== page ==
Could a Single Vaccine Work Against All Coronaviruses?
The invention of Covid-19 vaccines will be remembered as a milestone in the history of medicine, creating in a matter of months what had before taken up to a decade. But Dr. Kayvon Modjarrad, the director of Emerging Infectious Diseases Branch at Walter Reed Army Institute of Research in Silver Springs, Md., isn’t satisfied.
“That’s not fast enough,” he said. More than 2.3 million people around the world have died, and many countries will not have full access to the vaccines for another year or two: “Fast — truly fast — is having it there on day one.”
There will be more coronavirus outbreaks in the future. Bats and other mammals are rife with strains and species of this abundant family of viruses. Some of these pathogens will inevitably spill over the species barrier and cause new pandemics. It’s only a matter of time.
Dr. Modjarrad is one of many scientists who for years have been calling for a different kind of vaccine: one that could work against all coronaviruses. Those calls went largely ignored until Covid-19 demonstrated just how disastrous coronaviruses can be.
Now researchers are starting to develop prototypes of a so-called pancoronavirus vaccine, with some promising, if early, results from experiments on animals. Dr. Eric Topol, a professor of molecular medicine at the Scripps Research Institute in San Diego, thinks scientists should join together in another large-scale vaccine-creation project immediately.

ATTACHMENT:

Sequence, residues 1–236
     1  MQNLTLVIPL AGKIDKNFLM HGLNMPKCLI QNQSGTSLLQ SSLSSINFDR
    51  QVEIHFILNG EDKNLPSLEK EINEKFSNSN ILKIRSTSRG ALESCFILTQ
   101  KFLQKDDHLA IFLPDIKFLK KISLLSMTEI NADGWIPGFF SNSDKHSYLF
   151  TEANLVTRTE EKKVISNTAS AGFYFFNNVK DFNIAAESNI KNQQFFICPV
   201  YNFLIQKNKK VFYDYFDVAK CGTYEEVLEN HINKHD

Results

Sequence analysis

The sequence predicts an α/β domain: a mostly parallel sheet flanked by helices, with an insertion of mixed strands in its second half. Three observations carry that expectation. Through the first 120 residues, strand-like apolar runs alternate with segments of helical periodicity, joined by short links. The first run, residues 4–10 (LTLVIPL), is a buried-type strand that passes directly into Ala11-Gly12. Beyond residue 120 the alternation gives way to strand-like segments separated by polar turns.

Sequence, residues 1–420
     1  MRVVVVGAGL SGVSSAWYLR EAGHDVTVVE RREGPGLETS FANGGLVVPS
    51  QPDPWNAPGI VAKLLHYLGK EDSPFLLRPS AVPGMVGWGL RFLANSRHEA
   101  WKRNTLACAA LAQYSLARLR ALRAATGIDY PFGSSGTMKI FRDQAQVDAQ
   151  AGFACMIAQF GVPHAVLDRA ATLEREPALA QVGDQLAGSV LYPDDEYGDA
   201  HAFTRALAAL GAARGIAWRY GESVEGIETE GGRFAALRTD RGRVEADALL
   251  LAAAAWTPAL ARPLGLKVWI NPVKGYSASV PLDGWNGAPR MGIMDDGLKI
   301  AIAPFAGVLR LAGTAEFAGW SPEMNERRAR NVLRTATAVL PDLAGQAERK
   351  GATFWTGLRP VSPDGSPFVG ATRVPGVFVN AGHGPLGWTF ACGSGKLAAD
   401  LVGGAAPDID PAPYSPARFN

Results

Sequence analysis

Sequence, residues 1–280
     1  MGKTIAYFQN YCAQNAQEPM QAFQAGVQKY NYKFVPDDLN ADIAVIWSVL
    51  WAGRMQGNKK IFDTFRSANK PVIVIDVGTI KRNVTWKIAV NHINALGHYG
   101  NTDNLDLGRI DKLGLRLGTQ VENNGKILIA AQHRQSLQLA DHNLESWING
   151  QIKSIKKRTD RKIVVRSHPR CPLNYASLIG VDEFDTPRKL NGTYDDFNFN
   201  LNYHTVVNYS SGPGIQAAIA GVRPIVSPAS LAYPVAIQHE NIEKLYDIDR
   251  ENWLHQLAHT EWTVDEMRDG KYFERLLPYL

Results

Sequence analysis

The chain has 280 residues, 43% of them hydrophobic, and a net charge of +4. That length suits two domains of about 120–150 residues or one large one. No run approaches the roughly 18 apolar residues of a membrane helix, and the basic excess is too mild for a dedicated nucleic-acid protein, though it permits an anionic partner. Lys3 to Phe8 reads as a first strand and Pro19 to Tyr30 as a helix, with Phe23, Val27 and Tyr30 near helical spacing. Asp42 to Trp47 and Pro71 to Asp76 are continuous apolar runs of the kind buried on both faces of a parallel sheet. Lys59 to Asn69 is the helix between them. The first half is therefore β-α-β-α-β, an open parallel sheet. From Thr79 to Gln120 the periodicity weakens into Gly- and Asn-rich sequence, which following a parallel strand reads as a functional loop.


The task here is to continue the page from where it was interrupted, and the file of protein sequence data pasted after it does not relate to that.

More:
“We have to get a real work force to accelerate this, so we can have it this year,” he said. Dr. Topol and Dennis Burton, a Scripps immunologist, called for this project on broad coronavirus vaccines on Monday in the journal Nature.
After coronaviruses were first identified in the 1960s, they did not become a high priority for vaccine makers. For decades it seemed as if they only caused mild colds. But in 2002, a new coronavirus called SARS-CoV emerged, causing a deadly pneumonia called severe acute respiratory syndrome, or SARS. Scientists scrambled to make a vaccine for it.
Since no one had made a coronavirus vaccine for humans before, there was a huge amount to learn about its biology. Eventually, researchers chose a target for immunity: a protein on the surface of the virus, called spike. Antibodies that stick to the spike can prevent the coronavirus from entering cells and stop an infection.
Public health officials in Asia and elsewhere did not wait for the invention of a SARS vaccine to get to work, however. Their quarantines and other efforts proved remarkably effective. In a matter of months, they wiped out SARS-CoV, with only 774 deaths along the way.
The danger of coronaviruses became even clearer in 2012, when a second species spilled over from bats, causing yet another deadly respiratory disease called MERS. Researchers started work on MERS vaccines. But some researchers wondered if making a new vaccine for each new coronavirus — what Dr. Modjarrad calls “the one bug, one drug approach” — was the smartest strategy. Wouldn’t it be better, they thought, if a single vaccine could work against SARS, MERS and any other coronavirus?
That idea went nowhere for years. MERS and SARS caused relatively few deaths, and were soon eclipsed by outbreaks of other viruses such as Ebola and Zika.
In 2016, Maria Elena Bottazzi, a virologist at Baylor College of Medicine, and her colleagues applied for support from the American government to develop a pancoronavirus vaccine, but did not receive it. “They said there’s no interest in pancorona,” Dr. Bottazzi recalled.